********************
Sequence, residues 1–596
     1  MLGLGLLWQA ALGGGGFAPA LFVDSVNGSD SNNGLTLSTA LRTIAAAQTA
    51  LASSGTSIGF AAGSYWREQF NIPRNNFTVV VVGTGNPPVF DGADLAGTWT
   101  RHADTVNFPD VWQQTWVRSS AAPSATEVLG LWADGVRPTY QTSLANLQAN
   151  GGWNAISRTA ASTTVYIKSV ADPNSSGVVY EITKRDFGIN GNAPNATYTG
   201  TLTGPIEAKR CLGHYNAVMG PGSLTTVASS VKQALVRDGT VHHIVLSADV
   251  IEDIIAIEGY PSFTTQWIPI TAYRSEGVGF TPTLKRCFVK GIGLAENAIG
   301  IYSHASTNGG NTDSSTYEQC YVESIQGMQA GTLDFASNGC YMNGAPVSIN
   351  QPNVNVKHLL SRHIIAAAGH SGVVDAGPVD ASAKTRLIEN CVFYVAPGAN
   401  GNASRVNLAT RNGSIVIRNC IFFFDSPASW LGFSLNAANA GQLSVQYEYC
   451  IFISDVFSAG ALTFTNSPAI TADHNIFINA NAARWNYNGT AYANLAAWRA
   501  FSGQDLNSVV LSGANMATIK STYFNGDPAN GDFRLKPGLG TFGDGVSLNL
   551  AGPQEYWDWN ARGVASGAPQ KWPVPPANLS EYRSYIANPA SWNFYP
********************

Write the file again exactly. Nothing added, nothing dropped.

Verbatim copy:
Sequence, residues 1–596
     1  MLGLGLLWQA ALGGGGFAPA LFVDSVNGSD SNNGLTLSTA LRTIAAAQTA
    51  LASSGTSIGF AAGSYWREQF NIPRNNFTVV VVGTGNPPVF DGADLAGTWT
   101  RHADTVNFPD VWQQTWVRSS AAPSATEVLG LWADGVRPTY QTSLANLQAN
   151  GGWNAISRTA ASTTVYIKSV ADPNSSGVVY EITKRDFGIN GNAPNATYTG
   201  TLTGPIEAKR CLGHYNAVMG PGSLTTVASS VKQALVRDGT VHHIVLSADV
   251  IEDIIAIEGY PSFTTQWIPI TAYRSEGVGF TPTLKRCFVK GIGLAENAIG
   301  IYSHASTNGG NTDSSTYEQC YVESIQGMQA GTLDFASNGC YMNGAPVSIN
   351  QPNVNVKHLL SRHIIAAAGH SGVVDAGPVD ASAKTRLIEN CVFYVAPGAN
   401  GNASRVNLAT RNGSIVIRNC IFFFDSPASW LGFSLNAANA GQLSVQYEYC
   451  IFISDVFSAG ALTFTNSPAI TADHNIFINA NAARWNYNGT AYANLAAWRA
   501  FSGQDLNSVV LSGANMATIK STYFNGDPAN GDFRLKPGLG TFGDGVSLNL
   551  AGPQEYWDWN ARGVASGAPQ KWPVPPANLS EYRSYIANPA SWNFYP